AT&T Inc.’s leadership says proudly that it’s delivering on its promises. Investors aren’t sure if they even like those promises.
Fourth-quarter results released Wednesday once again revealed how AT&T is struggling to justify CEO Randall Stephenson’s costly decision to turn a strong wireless company into a riskier communications and entertainment conglomerate. Earnings per share beat analysts’ expectations, thanks to a subsiding price war among the U.S. wireless carriers. But AT&T’s pay-TV operations continued to be a drag, losing 1.2 million subscribers during the period. That's nearly double the amount some analysts figured, based on estimates compiled by Bloomberg, while others predicted losses as high as 1 million. It brought total video disconnections for the year to 4.1 million, far outpacing cord-cutting at rivals such as Comcast Corp.
Meanwhile, investments in the HBO Max streaming-TV app — which will face fierce competition when it launches in May from Walt Disney Co.’s Disney+, Comcast’s Peacock, Apple Inc.’s Apple TV+, Netflix and other lower-priced services — reduced AT&T’s revenue by $1.2 billion. The shares slipped more than 2%.
Stephenson and his team did manage to sell about $18 billion of assets in 2019. That helped AT&T pay down more than $20 billion of debt, meeting a crucial net-debt-to-Ebitda target that was promised to shareholders while allowing the company to maintain its plush dividend. The entertainment division, which is made up of DirecTV, AT&T TV Now and other services, also didn’t deteriorate any further on an Ebitda basis, holding at $10 billion as executives said it would. Having fewer subscribers reduced costs. “We’ve checked every box,” Stephenson said on Wednesday’s earnings call.
But there’s still the feeling that AT&T is trying to jump through an awful lot of hoops for a transformation it arguably didn’t need to make. Why hold on to DirecTV and all of its headaches? Why take on all that debt to buy Time Warner? Why join Netflix at its money-torching party?
The AT&T team would say that’s the wrong way to think about it. They would like for everyone to stop viewing AT&T as a disparate conglomerate comprising an attractive wireless business on one side and finicky media assets on the other. Instead, they want the entertainment brands and pay-TV services to be seen as reinforcing the wireless business over time. It comes back to the idea of bundling, a remnant of the cable era that is likely to be reborn in the streaming era. The idea goes like this: In a 5G world, where wireless connections are significantly faster, video consumption on mobile devices should only increase. Access to HBO Max and AT&T TV Now could give consumers greater reason to choose AT&T and stick with the network.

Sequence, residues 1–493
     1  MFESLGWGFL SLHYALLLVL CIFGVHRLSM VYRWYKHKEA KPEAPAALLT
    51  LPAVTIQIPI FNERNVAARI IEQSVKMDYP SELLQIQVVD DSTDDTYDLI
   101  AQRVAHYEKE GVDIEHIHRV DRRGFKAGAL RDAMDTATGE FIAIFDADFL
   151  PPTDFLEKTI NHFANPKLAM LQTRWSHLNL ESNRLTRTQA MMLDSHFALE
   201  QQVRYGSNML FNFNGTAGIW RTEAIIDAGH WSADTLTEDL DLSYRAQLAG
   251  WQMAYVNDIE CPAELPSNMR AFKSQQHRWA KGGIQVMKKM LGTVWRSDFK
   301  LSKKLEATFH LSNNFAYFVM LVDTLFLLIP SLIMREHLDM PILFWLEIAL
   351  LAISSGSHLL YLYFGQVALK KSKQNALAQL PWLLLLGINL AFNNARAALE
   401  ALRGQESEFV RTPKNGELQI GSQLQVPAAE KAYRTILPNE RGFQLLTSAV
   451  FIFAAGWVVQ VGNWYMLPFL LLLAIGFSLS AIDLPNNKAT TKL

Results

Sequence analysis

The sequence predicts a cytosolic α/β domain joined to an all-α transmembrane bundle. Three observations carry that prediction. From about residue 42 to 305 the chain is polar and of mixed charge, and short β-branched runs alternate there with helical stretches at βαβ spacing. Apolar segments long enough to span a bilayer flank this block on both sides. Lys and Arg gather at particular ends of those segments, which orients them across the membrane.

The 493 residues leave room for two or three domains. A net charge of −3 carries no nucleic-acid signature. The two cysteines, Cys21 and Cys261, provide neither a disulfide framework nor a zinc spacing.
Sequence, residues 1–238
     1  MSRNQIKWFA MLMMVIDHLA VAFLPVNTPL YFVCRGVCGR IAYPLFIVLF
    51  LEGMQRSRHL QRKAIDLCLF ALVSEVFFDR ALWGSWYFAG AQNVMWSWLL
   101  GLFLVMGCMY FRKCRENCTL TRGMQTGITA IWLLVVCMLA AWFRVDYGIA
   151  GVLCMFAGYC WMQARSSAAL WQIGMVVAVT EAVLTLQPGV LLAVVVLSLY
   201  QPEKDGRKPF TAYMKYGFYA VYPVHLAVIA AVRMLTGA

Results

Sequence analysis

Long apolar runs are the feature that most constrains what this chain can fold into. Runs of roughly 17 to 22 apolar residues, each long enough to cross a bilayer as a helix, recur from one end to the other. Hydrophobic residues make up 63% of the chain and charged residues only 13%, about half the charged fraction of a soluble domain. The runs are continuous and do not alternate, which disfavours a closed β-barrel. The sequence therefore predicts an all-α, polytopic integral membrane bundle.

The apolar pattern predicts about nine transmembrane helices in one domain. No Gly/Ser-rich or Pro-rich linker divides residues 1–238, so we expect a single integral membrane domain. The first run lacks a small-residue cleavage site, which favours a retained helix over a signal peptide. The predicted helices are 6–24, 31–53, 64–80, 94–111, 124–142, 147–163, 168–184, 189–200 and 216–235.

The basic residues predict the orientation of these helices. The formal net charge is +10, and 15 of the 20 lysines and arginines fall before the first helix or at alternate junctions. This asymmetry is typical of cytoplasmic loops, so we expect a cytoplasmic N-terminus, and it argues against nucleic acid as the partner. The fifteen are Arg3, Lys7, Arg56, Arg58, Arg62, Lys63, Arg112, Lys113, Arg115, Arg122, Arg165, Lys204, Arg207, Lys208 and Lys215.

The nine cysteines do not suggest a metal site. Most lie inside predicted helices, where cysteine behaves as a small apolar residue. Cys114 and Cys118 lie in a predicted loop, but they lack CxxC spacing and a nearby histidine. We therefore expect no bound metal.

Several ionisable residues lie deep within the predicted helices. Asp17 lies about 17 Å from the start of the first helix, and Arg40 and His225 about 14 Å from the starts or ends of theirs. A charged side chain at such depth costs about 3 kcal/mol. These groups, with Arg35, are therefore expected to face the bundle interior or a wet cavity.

As it is, AT&T’s unlimited elite plan — which includes HBO Now at no extra charge — has lower churn, meaning fewer of those customers are leaving, John Stephens, AT&T’s chief financial officer, said in a phone interview Wednesday. But very few of AT&T’s 75 million postpaid wireless subscribers actually have that specific plan (and in fact, overall churn was up at AT&T in the latest quarter). The goal is to use the new HBO Max app to achieve the same reduction in churn across a broader swath of its subscriber base as it has with those unlimited elite subscribers, Stephens said.
John Stankey, a longtime AT&T executive who heads up WarnerMedia and serves as chief operating officer of the parent company, took it a step further in an interview last October (see my deep-dive: “Is AT&T’s Hollywood Plot Too Far-Fetched?”). AT&T is no longer just competing with Verizon Communications Inc. and other carriers. “We need to make this move to compete with companies that are incredibly strong and capable like the Googles, Amazons and Apples of the world — and so we’re playing big,” Stankey said. His perspective is important because he could end up CEO when Stephenson retires.
Verizon has taken an entirely different tack. Instead of launching itself into Hollywood like AT&T has, Verizon has partnered with Disney+ by giving the service away free for a year to customers who sign up for an unlimited data plan. It’s a simpler, less fraught strategy, and investors have rewarded Verizon for keeping it that way. But Verizon is also no Apple or Amazon, and perhaps AT&T deserves credit for trying to be. Plenty of companies — retailers, health-care companies, grocery stores, parcel-delivery services — have been criticized for not better intuiting and preparing for how innovation by Big Tech would overtake their industries.
AT&T did what it said it would in 2019, and by 2022 it’s promising better profit margins, stronger free cash flow and a smaller debt load. It’s just that Wednesday’s results make it harder to believe the company will be able to balance it all.
Tara Lachapelle is a Bloomberg Opinion columnist covering the business of entertainment and telecommunications, as well as broader deals. She previously wrote an M&A column for Bloomberg News.
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